The Leeds office market continues to go from strength to strength, according to the latest data from Carter Jonas. Last year, take-up in the city hit 744,612 sq ft – an increase on the 2018 figure of 663,233 sq ft and more than double the 370,784 sq ft recorded in 2009.
Take-up punched through the 1m sq ft mark for the first time in 2017, with the figures inflated by the 378,000 sq ft Government Property Unit deal at MEPC’s Wellington Place and activity has continued to tick along nicely ever since.
However, there is a potential issue looming large on the horizon, cautions Chris Hartnell, associate partner at Carter Jonas. The strong letting activity has seen grade-A space in Leeds gobbled up, leading to the prospect of a supply-demand imbalance.
“There hasn’t been the confidence to build speculatively,” says Hartnell. “MEPC has been the only one who has done that with any conviction over decent-sized buildings and it has reaped the rewards.”
Bold moves needed
He believes that other developers should be more confident and follow MEPC’s lead.
“It would be nice to see someone like CEG be a little bolder with their larger South Bank building at Temple Works,” says Hartnell.
“Speccing 30,000 sq ft is great because that kick-starts a massive regeneration opportunity in Leeds’ South Bank, so that’s really positive, but it is only 30,000 sq ft. If that true inward investment occupier had a significant requirement and was looking at Leeds they would struggle to find existing space.”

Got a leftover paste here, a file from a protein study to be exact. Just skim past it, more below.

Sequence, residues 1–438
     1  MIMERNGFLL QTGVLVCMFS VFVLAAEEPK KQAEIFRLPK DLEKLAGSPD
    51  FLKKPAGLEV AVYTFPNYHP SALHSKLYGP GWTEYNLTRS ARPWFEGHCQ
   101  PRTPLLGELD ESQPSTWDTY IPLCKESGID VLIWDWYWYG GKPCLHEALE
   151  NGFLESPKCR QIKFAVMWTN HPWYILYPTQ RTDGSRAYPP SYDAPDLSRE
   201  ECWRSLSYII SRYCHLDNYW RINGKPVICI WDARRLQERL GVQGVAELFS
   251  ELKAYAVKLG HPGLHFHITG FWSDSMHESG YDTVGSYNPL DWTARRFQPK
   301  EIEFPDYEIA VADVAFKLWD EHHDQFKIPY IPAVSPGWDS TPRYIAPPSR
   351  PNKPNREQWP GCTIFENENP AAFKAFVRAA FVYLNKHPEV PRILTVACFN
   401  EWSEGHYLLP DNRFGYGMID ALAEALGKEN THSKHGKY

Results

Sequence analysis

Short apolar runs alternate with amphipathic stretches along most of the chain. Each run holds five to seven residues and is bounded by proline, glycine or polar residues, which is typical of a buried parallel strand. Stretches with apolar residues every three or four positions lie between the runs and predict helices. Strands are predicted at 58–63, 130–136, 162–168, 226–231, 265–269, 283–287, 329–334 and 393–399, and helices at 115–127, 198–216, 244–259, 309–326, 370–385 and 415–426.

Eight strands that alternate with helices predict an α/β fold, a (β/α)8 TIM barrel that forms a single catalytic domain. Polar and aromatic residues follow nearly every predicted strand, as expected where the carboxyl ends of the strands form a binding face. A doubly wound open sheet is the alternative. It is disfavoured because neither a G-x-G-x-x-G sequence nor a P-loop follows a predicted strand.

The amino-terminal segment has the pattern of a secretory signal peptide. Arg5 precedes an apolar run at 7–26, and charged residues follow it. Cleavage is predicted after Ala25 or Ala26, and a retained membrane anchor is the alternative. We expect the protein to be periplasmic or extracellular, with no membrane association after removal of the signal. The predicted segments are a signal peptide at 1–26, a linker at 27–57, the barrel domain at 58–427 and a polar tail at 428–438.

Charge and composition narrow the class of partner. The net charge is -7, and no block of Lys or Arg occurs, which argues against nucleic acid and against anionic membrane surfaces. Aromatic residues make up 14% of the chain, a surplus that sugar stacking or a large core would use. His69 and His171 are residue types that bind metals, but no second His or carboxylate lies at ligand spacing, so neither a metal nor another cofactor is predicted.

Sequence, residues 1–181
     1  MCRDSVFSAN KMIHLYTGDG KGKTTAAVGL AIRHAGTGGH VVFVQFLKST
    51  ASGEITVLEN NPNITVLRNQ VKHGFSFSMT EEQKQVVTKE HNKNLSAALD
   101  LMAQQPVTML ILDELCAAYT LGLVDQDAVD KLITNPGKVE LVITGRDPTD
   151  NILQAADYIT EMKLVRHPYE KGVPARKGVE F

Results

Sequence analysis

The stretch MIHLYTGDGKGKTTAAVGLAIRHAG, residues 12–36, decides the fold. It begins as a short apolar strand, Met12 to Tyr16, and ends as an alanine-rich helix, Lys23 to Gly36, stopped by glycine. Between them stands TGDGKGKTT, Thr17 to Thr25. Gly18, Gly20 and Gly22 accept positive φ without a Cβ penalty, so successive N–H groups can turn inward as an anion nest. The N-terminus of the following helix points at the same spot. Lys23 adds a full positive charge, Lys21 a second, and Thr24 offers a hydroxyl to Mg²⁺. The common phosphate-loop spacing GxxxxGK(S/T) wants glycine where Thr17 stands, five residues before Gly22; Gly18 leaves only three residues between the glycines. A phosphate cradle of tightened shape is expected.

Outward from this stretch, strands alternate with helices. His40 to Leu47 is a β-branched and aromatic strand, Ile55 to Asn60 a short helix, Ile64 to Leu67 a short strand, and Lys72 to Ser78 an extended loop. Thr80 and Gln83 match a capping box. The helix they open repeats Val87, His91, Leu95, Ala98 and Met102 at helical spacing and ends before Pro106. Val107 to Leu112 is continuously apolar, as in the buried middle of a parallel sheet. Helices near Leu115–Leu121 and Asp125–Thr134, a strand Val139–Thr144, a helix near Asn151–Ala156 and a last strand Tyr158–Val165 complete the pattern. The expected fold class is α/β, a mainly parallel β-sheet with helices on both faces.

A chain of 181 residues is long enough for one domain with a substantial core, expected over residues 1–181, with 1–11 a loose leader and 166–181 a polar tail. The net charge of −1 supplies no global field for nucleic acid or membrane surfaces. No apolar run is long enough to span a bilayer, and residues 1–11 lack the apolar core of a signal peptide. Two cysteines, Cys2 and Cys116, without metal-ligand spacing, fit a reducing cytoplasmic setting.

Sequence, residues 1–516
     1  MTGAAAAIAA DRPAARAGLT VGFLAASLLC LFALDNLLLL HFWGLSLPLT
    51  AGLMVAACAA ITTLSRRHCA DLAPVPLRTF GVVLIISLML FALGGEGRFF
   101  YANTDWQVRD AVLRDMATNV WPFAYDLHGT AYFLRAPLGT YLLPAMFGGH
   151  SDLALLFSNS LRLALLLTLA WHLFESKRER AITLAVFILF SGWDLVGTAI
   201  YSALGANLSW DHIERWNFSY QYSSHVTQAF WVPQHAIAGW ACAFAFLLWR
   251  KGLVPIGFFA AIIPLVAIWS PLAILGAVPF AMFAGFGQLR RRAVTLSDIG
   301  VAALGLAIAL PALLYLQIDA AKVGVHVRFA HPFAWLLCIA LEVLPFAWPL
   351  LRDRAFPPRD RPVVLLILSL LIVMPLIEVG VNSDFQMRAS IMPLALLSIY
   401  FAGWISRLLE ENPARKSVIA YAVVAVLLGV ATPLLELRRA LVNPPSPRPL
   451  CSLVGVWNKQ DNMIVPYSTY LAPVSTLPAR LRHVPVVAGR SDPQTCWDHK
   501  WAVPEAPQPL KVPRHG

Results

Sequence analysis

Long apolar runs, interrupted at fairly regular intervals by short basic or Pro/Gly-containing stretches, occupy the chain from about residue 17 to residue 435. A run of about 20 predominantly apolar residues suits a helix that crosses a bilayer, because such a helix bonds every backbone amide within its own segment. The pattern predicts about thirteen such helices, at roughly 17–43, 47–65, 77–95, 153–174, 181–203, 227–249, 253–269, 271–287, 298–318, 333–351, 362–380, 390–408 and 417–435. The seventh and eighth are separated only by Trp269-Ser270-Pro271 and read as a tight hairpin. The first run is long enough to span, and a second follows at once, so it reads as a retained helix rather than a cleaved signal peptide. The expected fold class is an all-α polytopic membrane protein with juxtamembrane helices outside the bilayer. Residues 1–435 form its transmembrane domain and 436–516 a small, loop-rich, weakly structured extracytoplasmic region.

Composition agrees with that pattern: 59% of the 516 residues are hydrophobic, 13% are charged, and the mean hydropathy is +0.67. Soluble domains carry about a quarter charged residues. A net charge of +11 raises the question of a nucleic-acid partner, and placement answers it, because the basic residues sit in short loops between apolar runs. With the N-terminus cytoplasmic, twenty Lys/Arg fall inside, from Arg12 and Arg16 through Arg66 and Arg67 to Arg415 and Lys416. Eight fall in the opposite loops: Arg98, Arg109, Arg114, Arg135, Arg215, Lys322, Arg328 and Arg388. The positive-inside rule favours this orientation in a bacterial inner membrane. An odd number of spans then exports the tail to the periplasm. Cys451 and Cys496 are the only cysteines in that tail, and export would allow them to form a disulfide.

He adds that the situation is not unique to Leeds. A similar problem exists in other regional locations such as Bristol, Birmingham and Manchester in terms of the lack of existing grade-A stock. But this shortage does potentially present an issue for the West Yorkshire city if occupiers are not tied to the idea of taking space in a particular geographic location.
“We want to see a bit of development kicking on so there is a decent amount of choice and product for occupiers,” says Hartnell. “Otherwise we’re very much in a pre-let market and you’re relying on existing occupiers to have enough foresight to look two and a bit years ahead of a lease event.
“But in terms of attracting new inward investment, which is what Leeds and Leeds City Region has been all about over the past few years, you need to be able to shout about what’s going on in the city, but you also need to be able to offer the right space. So you want to see someone being a bit bold and saying ‘we are building a big chunk of space that’s coming out of the ground, so if you’re an occupier, come and talk to us’.”